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|  TPWD News Releases Dated 2013-05-23                                    |
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[ Note: This item is more than 11 months old. Please take the publication date into consideration for any date references. ]
[ General Media Contact: Business Hours, 512-389-4406 ]
[ Additional Contacts: Megan Bean, (830) 866-3050, megan.bean@tpwd.texas.gov or Mike Cox, (512) 389-8046, mike.cox@tpwd.texas.gov ]
May 23, 2013
Balmorhea Springs Placed on "Waters to Watch" List
BALMORHEA--Balmorhea Springs, a complex of Trans-Pecos water sources which supports two endangered fish species, an endangered snail, and four other species of concern, has been placed on the National Fish Habitat Partnership's 10 "Water to Watch" list for 2013.
The Balmorhea Springs complex is a group of springs and cienegas (naturally occurring water-holding basins) between the Toyah Basin and the Davis Mountains.
The species found in Balmorhea Springs - Comanche Springs pupfish, Pecos gambusia, headwater catfish and four invertebrates -- are threatened by issues including complete dewatering, depletion of aquifers by groundwater pumping, conversion for agricultural or recreation use, and poor land management practices.
"Management of spring and ciénega systems requires a holistic, watershed approach with private, state, federal, and local partners to conserve, restore, and address threats to these important desert habitats," Texas Parks and Wildlife Department watershed biologist Megan Bean and the conservation team wrote in their nomination of Balmorhea Springs.
TPWD has participated in projects to revitalize Phantom Lake Spring and cienega as well as San Soloman Cienega at Balmorhea State Park. In addition, a new feature called Clark Hubbs Cienega was created at the park as a refuge for Comanche Spring pubfish and Pecos gambusia. Significant conservation efforts also have been made at West and East Sandia Springs on a 246-acre preserve near Balmorhea owned by the Nature Conservancy.
The annual listing features a collection of rivers, streams, estuaries, watershed systems and lakes across the nation that will benefit from strategic conservation efforts to protect, restore or enhance their current condition.
The waters included in the list represent a snapshot of this year's voluntary, in-progress habitat conservation efforts. These and other locally driven conservation projects are prioritized and implemented by regional Fish Habitat Partnerships that have been formed throughout the country.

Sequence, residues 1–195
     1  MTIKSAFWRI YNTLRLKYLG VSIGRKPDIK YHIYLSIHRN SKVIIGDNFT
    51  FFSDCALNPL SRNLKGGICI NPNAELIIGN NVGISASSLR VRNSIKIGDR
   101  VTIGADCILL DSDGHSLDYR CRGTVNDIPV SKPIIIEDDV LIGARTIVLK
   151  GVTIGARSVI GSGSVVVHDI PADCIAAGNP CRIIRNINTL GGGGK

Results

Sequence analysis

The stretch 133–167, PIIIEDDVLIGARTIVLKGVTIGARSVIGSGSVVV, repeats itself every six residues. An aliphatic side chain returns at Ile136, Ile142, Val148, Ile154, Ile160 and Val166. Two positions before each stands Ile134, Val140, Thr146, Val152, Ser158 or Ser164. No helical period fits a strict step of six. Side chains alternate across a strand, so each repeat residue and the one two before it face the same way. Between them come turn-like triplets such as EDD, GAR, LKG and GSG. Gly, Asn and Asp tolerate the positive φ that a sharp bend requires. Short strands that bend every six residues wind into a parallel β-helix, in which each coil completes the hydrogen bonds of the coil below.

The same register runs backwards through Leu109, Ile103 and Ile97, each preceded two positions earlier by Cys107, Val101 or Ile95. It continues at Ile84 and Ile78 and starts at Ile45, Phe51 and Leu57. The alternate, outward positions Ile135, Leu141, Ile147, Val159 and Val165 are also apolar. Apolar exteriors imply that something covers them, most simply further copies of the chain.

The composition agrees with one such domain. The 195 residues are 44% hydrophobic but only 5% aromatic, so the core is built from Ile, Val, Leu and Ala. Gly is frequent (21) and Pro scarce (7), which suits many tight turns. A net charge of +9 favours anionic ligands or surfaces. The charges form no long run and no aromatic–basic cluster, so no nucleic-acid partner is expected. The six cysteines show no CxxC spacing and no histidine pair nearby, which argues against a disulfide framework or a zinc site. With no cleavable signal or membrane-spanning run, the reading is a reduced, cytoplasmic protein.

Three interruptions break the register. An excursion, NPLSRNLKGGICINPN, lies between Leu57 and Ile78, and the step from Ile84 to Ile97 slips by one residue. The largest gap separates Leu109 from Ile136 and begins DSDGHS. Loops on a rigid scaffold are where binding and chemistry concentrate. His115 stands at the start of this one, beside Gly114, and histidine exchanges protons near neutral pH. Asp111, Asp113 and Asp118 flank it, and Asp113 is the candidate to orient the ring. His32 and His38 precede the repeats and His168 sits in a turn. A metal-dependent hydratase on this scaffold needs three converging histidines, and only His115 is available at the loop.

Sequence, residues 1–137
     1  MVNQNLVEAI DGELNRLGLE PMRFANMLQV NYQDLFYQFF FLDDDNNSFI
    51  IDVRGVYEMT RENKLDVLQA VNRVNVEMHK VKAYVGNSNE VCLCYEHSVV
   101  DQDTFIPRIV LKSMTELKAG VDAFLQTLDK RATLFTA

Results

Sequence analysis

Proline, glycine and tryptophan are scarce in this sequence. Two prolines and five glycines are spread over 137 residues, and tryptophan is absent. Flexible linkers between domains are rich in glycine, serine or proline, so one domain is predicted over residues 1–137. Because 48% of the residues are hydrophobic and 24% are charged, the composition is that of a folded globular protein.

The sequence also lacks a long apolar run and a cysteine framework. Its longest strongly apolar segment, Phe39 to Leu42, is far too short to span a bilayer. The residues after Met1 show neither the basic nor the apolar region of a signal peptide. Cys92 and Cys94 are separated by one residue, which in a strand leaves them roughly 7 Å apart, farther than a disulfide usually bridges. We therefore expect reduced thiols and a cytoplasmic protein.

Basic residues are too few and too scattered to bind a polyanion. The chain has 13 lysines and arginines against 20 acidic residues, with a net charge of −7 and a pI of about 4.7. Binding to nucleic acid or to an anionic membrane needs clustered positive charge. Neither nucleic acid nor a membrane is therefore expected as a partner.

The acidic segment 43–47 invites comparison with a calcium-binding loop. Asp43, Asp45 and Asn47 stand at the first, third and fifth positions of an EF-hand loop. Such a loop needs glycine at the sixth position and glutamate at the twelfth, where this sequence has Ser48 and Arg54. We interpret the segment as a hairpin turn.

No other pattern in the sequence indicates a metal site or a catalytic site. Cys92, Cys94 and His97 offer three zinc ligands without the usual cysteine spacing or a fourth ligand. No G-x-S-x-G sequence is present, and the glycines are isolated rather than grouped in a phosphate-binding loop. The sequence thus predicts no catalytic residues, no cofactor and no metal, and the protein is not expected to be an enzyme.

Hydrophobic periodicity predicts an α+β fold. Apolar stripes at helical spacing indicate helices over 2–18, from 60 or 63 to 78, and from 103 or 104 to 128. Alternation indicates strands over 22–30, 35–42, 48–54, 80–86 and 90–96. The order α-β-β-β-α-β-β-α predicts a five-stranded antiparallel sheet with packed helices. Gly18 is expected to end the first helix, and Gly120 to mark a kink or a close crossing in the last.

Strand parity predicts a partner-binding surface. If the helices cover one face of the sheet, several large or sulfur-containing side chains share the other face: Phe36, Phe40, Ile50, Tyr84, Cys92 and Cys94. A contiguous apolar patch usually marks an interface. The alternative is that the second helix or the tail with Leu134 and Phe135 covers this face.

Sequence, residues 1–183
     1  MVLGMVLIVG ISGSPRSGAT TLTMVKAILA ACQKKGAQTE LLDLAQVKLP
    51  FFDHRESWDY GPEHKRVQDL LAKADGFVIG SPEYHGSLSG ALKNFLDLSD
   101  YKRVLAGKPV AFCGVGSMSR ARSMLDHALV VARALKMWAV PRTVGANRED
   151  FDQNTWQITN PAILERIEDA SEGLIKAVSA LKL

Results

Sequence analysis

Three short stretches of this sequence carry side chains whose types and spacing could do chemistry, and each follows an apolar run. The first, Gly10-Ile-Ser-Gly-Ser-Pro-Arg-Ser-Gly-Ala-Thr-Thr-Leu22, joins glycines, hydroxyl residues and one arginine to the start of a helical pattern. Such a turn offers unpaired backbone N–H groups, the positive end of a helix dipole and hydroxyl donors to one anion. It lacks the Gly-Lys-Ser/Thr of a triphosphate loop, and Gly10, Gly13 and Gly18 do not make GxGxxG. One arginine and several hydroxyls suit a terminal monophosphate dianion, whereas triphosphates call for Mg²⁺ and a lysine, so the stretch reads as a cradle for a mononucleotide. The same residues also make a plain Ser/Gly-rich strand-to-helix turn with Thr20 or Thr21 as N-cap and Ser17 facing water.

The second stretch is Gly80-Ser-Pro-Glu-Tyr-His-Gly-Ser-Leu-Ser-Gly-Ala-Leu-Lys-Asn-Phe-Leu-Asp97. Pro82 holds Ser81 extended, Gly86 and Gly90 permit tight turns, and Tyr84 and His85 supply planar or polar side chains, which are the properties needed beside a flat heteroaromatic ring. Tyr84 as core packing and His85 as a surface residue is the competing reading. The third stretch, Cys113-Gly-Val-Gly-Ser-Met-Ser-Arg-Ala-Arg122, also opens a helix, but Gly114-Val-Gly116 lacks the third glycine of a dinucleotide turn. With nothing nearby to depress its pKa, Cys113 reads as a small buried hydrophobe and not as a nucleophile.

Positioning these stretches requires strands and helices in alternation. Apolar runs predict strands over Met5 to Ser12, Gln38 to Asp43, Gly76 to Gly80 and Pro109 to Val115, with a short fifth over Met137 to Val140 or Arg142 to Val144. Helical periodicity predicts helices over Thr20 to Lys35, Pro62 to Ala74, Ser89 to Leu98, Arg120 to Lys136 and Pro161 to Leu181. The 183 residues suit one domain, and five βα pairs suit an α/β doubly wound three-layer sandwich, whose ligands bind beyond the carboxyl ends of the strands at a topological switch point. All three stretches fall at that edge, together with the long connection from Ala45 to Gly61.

The objective of these projects--to conserve freshwater, estuarine and marine habitats essential to the many fish and wildlife species that call these areas home--is the foundation of the National Fish Habitat Partnership.
Through the work of various partners, the projects included in this year's list will be the showcase of conservation efforts aimed at avoiding and reversing persistent declines in the nation's aquatic habitats. With 70 Waters to Watch partnership projects highlighted since 2007, the monitoring of these projects is proving that on-the-ground conservation activities and strategies are truly making a difference in improving fish habitat.
The National Fish Habitat Partnership since 2006 has been a partner in 342 projects in 46 states benefiting fish habitat. The National Fish Habitat Partnership works to conserve fish habitat nationwide, leveraging federal, state, and private funding sources to achieve the greatest impact on fish populations through priority conservation projects. The national partnership implements the National Fish Habitat Action Plan and supports 18 regional grassroots partner organizations. For more information visit, http://fishhabitat.org/, http://www.facebook.com/NFHAP https://twitter.com/FishHabitat http://www.scoop.it/t/fish-habitat
Visit the 2013 Waters to Watch Homepage for more information.
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[ Note: This item is more than 11 months old. Please take the publication date into consideration for any date references. ]
[ Media Contact: Steve Lightfoot, 512-389-4701, steve.lightfoot@tpwd.texas.gov ] [SL]
May 23, 2013
TPWD Proposals Aim to Streamline Hunter Education Process
AUSTIN - Proposed changes to the state's hunter education certification program would streamline the process for the tens of thousands of Texans who take the course annually, according to Texas Parks and Wildlife Department officials.
Anyone born after Sept. 1, 1971, must successfully complete a Hunter Education Training Course to hunt in Texas.
Under current rules, hunters can take the traditional two-day course that must be spread over a minimum of 10 hours, or they can opt to take the self-paced knowledge-based portion online home study. Students must then complete a four-hour field training class for certification.